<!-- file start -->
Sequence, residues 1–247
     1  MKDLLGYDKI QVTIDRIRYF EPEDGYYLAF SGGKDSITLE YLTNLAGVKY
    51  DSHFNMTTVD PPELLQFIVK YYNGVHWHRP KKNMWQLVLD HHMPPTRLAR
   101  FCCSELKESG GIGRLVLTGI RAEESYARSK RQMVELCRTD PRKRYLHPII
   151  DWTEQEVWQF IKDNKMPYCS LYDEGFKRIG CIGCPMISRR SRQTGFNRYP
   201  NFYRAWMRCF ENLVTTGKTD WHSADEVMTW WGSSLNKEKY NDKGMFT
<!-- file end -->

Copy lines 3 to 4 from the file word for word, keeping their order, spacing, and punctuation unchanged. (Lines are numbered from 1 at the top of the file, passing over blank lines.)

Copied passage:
    51  DSHFNMTTVD PPELLQFIVK YYNGVHWHRP KKNMWQLVLD HHMPPTRLAR
   101  FCCSELKESG GIGRLVLTGI RAEESYARSK RQMVELCRTD PRKRYLHPII